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Samsung Galaxy S20 Plus vs. S20: Which should you buy?

Samsung Galaxy S20 and S20+
Samsung Galaxy S20 and S20+ (Image credit: Android Central)

Galaxy S20+

Samsung Galaxy S20+

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The Galaxy S20+ offers a great balance between the other models. You're getting the full Galaxy S20 experience, with a screen and battery that are still quite large and an altogether new camera system that isn't quite as great as the Ultra but is still going to hold its own. Plus, it's easier to use in one hand and $200 cheaper.

Galaxy S20+

The standard

Considerably larger display
12% larger battery
mmWave 5G capable
Optional 512GB storage
ToF rear camera
$200 more for same core features
Might be too large for some hands

Galaxy S20

Samsung Galaxy S20

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The Galaxy S20 is cheaper, and that immediately makes it a great value because in day-to-day use it does all of the same things as the S20+. However, it has a smaller screen and smaller battery, which does make a difference to some people. Verizon and AT&T customers should take note that it doesn't offer mmWave 5G.

Galaxy S20

Compact choice

Easier to use one-handed
Exact same features for less
Same cameras for less
Smaller battery
Noticeably smaller screen
Sub-6 5G only

It's a simple thought process to just assume "bigger is better" and go straight to the Galaxy S20+. But with a notable price bump over the standard S20, it makes sense to consider which of Samsung's latest phones is right for you — and your wallet.

Should you buy the Galaxy S20+ or Galaxy S20?

To get the frame of reference properly set, you should first understand that the Galaxy S20 and S20+ are the exact same in a vast majority of ways — just like the S10 and S10+ before them. The hardware and design are identical, as are the specs: processor, RAM, storage, speakers, charging speeds, microSD card slot, IP68 water resistance... almost the whole list.

CategoryGalaxy S20Galaxy S20+
Operating SystemAndroid 10
One UI 2.0
Android 10
One UI 2.0
Display6.2-inch
Dynamic AMOLED
Quad HD+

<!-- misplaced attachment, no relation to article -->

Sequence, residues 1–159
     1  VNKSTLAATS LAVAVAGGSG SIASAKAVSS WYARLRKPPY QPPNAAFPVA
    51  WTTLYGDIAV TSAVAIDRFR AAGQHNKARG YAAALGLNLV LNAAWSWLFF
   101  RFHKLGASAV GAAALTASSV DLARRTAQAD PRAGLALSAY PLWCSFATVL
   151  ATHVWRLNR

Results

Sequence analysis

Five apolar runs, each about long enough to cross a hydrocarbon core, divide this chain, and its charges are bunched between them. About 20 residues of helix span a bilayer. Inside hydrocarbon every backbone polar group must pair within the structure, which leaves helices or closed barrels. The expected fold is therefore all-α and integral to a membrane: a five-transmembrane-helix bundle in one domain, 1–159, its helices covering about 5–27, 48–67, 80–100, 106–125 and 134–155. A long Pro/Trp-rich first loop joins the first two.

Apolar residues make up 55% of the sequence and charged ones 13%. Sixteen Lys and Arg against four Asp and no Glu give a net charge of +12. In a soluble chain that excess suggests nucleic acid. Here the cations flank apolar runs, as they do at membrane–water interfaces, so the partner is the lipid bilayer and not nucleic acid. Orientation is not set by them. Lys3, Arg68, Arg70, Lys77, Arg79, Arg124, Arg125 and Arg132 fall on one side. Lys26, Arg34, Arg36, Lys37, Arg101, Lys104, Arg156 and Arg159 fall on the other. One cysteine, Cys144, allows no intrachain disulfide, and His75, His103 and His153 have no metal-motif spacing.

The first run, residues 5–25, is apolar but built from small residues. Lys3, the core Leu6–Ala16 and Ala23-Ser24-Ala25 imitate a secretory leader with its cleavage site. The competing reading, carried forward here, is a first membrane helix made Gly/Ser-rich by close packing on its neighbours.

563ppi
120Hz
HDR10+
6.7-inch
Dynamic AMOLED
Quad HD+
525ppi
120Hz
HDR10+
ProcessorQualcomm Snapdragon 865Qualcomm Snapdragon 865
Memory12GB12GB
Storage128GB128GB
512GB
Expandable StorageUp to 1TBUp to 1TB
Rear Camera 112MP wide
1/1.76"
1.8um
f/1.8
12MP wide
1/1.76"
1.8um
f/1.8
Rear Camera 264MP telephoto
3x Hybrid Optic Zoom
30x Super Resolution Zoom
1/1.72"
0.8um
f/2.0
64MP telephoto
3x Hybrid Optic Zoom
30x Super Resolution Zoom
1/1.72"
0.8um
f/2.0
Rear Camera 312MP ultra-wide
1/2.55"
1.4um
f/2.2
12MP ultra-wide
1/2.55"
1.4um
f/2.2
Rear Camera 4Time-of-flight sensor
Front Camera10MP
1.22um
f/2.2
10MP
1.22um
f/2.2
Battery4,000 mAh4,500 mAh
Charging25W wired charging
Fast Wireless Charging 2.0
Wireless PowerShare
25W wired charging
Fast Wireless Charging 2.0
Wireless PowerShare
Water ResistanceIP68IP68
SecurityIn-screen fingerprint sensor
Face recognition
In-screen fingerprint sensor
Face recognition
5GNon Standalone (NSA)
5G Sub-6
Non Standalone (NSA)
5G Sub-6 / mmWave
Dimensions69.1 x 151.7 x 7.9mm73.7 x 161.9 x 7.8mm
Weight163g186g

There are only three things that differentiate the S20+ from the S20: size, battery, and mmWave 5G.

A larger screen is generally better, and going up to 6.7 inches from 6.2 is a noticeable amount of extra screen real estate — even if the quality of the panels is the exact same. It also stretches the phone out to make more room for the battery, 12% more in fact, that directly contributes to longer battery life considering the otherwise-identical specs. Everyone loves more battery life, and that's going to be a big purchase driver for the S20+.

More screen and more battery is always a good thing — unless it makes the phone too big for you.

But the downside of size is, well, size. The S20+ is taller, wider, and heavier than the S20. The S20+ is big, even if it's still dwarfed by the even-larger S20 Ultra. Size is the biggest thing, because it's a personal decision — how big of a phone you want, or can actually use comfortably, depends on your hands and your needs. If you have smaller hands or are always using your phone one-handed, the S20 may be a better choice.

On the fringes of whether it matters is the discussion of 5G: the S20 only has Sub-6 5G, while the S20+ has Sub-6 and mmWave 5G. Carriers like Verizon and AT&T are starting their 5G rollout with mmWave — so the S20 will be sitting on LTE on Verizon in particular, and won't see 5G nearly as often on AT&T. However, on T-Mobile, for example, you're going to be using Sub-6 almost exclusively and will actually see 5G regularly. Whether you actually make a phone-buying decision based on 5G is highly dependent on your location and carrier, but it's cut-and-dry: if you need mmWave, your only option here is the S20+.

Don't let 5G be the deciding factor for you here — pick these phones based on their price and size.

With so much shared between these two phones, it's a pretty simple choice. Start with the price: either you're okay spending another 20% to get the S20+, or you're not. If your budget realistically tops out at $1,000, you can be secure in your purchase of the Galaxy S20 knowing you're getting the exact same specs and features as the 20+.

If the money isn't a major roadblock to you, switch to thinking about size. The Galaxy S20 is a great size that anyone can wrap their hand around — so if you have concerns over one-handed use, lean toward the S20. But if you're willing to handle a bigger phone, you'll be rewarded: the S20+ gives you a considerable amount more screen to work with, and a larger battery to do everything you want for longer.

Andrew was an Executive Editor, U.S. at Android Central between 2012 and 2020.